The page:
Back in October last year I heard that my good friend Mollie Butters would be demonstrating some of her many bushcraft skills at our local National Trust (NT) property – The Vyne. The whole family were keen to go and this is a little report on our wonderful day.
I met Mollie while studying bushcraft with John Rhyder at Woodcraft School back in 2008 and have been firm friends since.
Mollie has set up an outdoor education school called the Field Farm Project with her partner Nick McMillen and to quote their Facebook page it is ‘an exclusive mix of woodland crafts, field studies, farm life, horticulture, ancient crafts and technologies – combining to provide a rich and inspirational learning experience‘.
Mollie had already set up her stand when we arrived and had a lot of her beautiful creations on display. One of Mollie’s specialisations is basketry and she loves to pass that knowledge onto others. Mollie had planned to run classes that day but due to some last-minute changes by the local NT organisers she was only allowed to run some demonstrations.
The Vyne is a large estate so we spent the day going off on adventures and then popping back to Mollie’s stall to sneak in a bit of basketry.
My wife Alison and the kids got chatting to one of the NT volunteers who was using a rather strange device, an oval-shaped nest of wires, designed to pick up fallen apples. It was a simple but genius system allowing you to collect lots of apples without bending over, and without damaging them in any way. As the wires rolled over each apple they parted to let it in, then sprang back into shape again to hold it securely inside with all the others.
Once the apples were collected it was off to the device that shredded them ready for pressing.
As this was October the leaves were just turning. I loved the browns, yellows and greens that were all around. The yew was heavy with red fruit and the dew was still lingering in shaded areas of the grass – all quite beautiful.
My kids wandered off to the woods to play and I bimbled back to chat with Mollie. The Field Farm Project is really gaining strength nowadays with a wide range of courses being run. They have bushcraft courses for children, basketry courses and bow-making courses and they are experimenting with growing many different foodstuffs all year round. For schools, Mollie and Nick offer courses for Key Stages 1 through to 4 covering many different types of learning in the natural environment.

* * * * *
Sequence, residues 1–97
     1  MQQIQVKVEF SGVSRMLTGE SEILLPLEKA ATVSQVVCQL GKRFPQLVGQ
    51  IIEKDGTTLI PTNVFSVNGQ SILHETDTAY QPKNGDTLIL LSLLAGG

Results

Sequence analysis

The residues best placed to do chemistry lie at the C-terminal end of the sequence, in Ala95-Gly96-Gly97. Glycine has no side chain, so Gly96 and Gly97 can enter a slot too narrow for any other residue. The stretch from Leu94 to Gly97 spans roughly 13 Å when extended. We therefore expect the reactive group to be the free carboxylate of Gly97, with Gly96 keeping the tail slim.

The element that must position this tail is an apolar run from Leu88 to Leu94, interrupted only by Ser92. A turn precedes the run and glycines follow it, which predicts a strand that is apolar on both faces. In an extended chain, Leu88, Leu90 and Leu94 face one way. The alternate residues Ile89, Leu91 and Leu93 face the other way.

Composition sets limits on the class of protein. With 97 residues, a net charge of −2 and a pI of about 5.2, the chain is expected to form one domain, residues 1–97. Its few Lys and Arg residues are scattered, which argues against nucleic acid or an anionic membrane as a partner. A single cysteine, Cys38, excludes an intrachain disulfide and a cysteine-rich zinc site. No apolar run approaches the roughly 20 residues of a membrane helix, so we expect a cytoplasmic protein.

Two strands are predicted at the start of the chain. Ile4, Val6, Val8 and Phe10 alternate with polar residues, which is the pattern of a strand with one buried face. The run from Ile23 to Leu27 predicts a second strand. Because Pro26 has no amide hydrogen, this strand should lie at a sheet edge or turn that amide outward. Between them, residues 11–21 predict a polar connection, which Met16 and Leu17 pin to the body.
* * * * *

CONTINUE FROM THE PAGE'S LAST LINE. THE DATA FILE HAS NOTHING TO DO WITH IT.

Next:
I spent a long time just looking at Mollie’s baskets trying to figure out how she had made them – I can do the basics but that is all 🙂
I found my family later at the falconry display. Catherine was lucky enough to get picked to fly one of the birds. I was very chuffed to capture the picture at the top left just as the bird landed – Catherine did not move in the slightest – brave girl 🙂
Finlay was a bit disappointed not to get in on the act but we had some great adventures in the woods together that day.
I teach outdoor education to city children and I am fully aware that the majority of kids do not truly get to explore outdoors these days – I try wherever possible to let my kids run free and discover nature for themselves. We had a great time climbing, finding kill sites, spotting birds and just generally larking about.
I love to find fungi and photograph them. I can identify ones that I know are edible or have some sort of bushcraft use but in the set of pictures below the only one I could hazard a guess at would be the small puffball in the bottom right.
As well as the basketry and the carvings on Mollie’s stall, I spotted what I know as a Blobster, a character made out of clay (shown on the left). Mollie works with youngsters making these beautiful woodland creations and it is amazing to see what children can make from just the resources they find lying around them.
I love this activity myself – the trick is to mould the clay around a small twig to provide support. You can create whole communities from mud, twigs and leaves.
To finish my day I spent a little while trying out coiled basketry. This is such a simple art but has the potential to create very beautiful baskets in the right hands. Mollie can do that but I think I need a bit more practice.
It was great to catch up with Mollie again and I know that Alison, Catherine and Finlay had a great day as well.
The Field Farm Project is going from strength to strength and I am looking forward to seeing all the adventures they get up to in the coming year.